We found that the rapid re-circularization of jellyfish fragments relies on the assembly of an actomyosin cable at the wounded edge, leading to the contraction of the cut segments and re-establishing tissue integrity. Supra-cellular cables generated by the alignment of cortical actomyosin are a widespread feature of unsteady animal tissues, and provide a conserved mechanism for the closure of epithelial gaps (Jain et al., 2019). Actomyosin cables have been broadly reported during wound healing and morphogenesis (reviewed in Röper, 2013; Schwayer et al., 2016), including in the simple epithelial tissue that covers the Clytia jellyfish exumbrella (Kamran et al., 2017).

During regeneration of Clytia fragments, pharmacological inhibition of actomyosin contractility prevented not only tissue remodeling, but also CheWnt6 expression at wound and blastema formation. Our findings thus suggest that Wnt/β-catenin signaling activation is modulated by actomyosin contractions. Such instances of biochemical responses triggered by mechanical forces are attracting increasing attention (Chiou and Collins, 2018; Green and Sharpe, 2015; Ingber, 2006; Urdy, 2012; Vining and Mooney, 2017). Interplay between mechanical stresses and gene expression allows a fine coordination of developmental processes (e.g. Heisenberg and Bellaïche, 2013), with numerous examples identified during embryogenesis such as mechanical regulation of Wnt/β-catenin signaling during germ layer formation in Drosophila and zebrafish (Brunet et al., 2013), amphibians (Kornikova et al., 2010), Nematostella (Pukhlyakova et al., 2018), or during antero-posterior body axis establishment in mammals (Hiramatsu et al., 2013). Supra-cellular actomyosin fibers may also be involved in body axis repositioning during regeneration in Hydra polyps (Livshits et al., 2017; Mercker et al., 2015), although it remains unclear how mechanical cues are integrated with the morphogen gradient that patterns the primary body axis during both homeostasis and regeneration (Wang et al., 2020; Nakamura et al., 2011; Hobmayer et al., 2000; Gierer and Meinhardt, 1972).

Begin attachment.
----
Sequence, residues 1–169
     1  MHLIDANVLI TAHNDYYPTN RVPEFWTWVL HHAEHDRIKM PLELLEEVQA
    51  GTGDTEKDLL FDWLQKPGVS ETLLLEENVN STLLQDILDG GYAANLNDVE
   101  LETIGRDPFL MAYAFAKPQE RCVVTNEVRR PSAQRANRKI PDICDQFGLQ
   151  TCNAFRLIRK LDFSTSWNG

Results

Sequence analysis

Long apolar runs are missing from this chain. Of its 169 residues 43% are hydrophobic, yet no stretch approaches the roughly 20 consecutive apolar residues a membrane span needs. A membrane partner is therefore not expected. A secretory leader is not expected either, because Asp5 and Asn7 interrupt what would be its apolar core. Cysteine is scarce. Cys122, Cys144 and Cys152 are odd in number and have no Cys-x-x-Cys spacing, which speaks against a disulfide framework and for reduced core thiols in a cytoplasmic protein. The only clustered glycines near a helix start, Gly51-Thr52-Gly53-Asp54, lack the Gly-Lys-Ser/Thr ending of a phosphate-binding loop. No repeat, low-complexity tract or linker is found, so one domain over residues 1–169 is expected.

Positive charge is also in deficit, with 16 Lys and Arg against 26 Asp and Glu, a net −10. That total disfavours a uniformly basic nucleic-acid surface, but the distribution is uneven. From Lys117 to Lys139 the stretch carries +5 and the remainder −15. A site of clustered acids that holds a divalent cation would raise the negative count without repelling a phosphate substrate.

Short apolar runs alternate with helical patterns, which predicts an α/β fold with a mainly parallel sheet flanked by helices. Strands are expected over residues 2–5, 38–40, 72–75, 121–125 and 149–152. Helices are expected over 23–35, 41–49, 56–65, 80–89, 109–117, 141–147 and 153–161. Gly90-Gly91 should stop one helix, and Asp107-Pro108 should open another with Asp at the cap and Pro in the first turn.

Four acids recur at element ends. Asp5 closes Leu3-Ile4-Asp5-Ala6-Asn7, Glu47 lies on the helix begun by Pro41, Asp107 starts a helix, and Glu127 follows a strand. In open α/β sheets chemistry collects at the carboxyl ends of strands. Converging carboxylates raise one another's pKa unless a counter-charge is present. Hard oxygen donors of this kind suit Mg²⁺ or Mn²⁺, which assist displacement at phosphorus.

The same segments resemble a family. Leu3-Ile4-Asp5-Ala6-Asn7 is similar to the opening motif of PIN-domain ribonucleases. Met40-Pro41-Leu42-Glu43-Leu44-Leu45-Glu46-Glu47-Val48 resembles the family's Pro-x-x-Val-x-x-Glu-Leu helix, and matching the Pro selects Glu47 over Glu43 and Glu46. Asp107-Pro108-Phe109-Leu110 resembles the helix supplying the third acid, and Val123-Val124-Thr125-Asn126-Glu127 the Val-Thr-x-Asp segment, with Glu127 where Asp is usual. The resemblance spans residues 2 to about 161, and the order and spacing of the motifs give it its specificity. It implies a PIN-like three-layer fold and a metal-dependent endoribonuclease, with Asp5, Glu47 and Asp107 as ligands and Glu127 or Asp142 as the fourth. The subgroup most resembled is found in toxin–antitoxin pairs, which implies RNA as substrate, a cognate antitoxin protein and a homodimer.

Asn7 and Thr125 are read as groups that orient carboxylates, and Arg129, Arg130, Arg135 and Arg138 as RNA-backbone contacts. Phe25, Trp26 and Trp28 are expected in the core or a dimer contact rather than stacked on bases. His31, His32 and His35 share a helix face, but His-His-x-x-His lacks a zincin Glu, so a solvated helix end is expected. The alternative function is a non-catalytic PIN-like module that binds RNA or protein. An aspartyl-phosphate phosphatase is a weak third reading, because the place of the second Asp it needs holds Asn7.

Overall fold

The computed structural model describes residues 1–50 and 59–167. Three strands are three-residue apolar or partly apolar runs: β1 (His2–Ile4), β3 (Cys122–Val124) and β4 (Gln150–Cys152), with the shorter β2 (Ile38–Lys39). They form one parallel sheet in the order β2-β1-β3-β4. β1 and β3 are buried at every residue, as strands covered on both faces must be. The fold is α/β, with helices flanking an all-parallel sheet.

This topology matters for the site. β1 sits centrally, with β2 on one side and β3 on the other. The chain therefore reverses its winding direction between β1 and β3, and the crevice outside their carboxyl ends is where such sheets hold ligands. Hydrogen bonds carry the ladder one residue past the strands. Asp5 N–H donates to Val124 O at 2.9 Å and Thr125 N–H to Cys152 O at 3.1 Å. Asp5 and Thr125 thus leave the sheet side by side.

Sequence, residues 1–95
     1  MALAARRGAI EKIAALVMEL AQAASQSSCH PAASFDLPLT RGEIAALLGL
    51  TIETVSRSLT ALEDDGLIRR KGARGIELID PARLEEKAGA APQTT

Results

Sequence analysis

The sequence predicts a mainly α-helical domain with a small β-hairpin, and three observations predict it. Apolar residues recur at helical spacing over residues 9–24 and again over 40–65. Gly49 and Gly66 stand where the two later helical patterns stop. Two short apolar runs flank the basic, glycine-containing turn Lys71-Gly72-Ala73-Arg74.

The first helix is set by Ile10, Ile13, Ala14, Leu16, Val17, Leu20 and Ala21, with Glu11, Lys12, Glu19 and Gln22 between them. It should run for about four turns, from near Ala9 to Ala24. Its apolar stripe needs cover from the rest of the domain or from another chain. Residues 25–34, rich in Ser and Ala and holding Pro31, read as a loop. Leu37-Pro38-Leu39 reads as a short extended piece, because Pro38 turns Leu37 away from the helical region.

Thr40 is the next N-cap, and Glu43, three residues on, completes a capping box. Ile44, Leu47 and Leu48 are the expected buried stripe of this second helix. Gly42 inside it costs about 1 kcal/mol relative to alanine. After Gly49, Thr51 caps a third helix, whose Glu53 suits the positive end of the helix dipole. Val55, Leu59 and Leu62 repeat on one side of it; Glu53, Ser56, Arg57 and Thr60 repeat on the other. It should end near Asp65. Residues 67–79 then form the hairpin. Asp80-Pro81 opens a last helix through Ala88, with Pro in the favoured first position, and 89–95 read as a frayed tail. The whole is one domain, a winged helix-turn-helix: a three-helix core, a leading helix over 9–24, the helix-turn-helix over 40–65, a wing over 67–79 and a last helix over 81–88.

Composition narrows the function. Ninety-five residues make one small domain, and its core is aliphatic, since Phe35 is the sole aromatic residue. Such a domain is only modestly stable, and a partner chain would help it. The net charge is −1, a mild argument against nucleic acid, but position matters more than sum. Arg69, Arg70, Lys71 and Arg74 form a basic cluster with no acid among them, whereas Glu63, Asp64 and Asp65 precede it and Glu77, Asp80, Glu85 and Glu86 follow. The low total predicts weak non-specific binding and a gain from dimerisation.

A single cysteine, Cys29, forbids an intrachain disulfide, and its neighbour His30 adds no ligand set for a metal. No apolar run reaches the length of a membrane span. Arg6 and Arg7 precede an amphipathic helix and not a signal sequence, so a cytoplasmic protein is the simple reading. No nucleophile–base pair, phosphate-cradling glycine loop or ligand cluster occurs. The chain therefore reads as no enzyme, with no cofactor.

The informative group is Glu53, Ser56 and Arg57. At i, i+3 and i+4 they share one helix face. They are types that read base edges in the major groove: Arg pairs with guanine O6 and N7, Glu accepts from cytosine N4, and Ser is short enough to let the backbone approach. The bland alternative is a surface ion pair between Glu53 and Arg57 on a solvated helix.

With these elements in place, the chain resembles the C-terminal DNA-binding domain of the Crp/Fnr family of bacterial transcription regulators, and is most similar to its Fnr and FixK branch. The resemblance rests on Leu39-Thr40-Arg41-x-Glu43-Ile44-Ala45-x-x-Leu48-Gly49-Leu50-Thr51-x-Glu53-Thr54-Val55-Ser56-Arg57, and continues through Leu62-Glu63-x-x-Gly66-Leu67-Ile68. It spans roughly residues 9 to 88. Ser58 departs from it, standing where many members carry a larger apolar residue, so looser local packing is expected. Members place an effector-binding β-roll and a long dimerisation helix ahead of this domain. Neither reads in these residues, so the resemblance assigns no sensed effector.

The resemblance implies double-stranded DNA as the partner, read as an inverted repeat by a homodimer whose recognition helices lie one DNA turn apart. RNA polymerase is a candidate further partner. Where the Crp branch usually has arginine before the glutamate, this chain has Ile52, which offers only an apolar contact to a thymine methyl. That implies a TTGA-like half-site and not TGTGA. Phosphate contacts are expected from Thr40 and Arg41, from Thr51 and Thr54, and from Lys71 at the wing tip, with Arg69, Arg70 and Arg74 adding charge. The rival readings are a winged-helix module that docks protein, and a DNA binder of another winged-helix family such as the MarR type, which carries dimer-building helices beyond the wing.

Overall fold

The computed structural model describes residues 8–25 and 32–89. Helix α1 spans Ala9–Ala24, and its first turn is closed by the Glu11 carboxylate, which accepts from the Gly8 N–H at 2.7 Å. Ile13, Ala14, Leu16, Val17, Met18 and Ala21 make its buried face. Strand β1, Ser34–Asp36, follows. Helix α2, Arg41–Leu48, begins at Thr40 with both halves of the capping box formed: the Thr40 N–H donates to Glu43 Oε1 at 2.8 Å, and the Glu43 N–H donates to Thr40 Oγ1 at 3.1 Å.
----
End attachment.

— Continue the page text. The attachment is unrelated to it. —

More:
The emergence of a Wnt-expressing structural landmark for blastema formation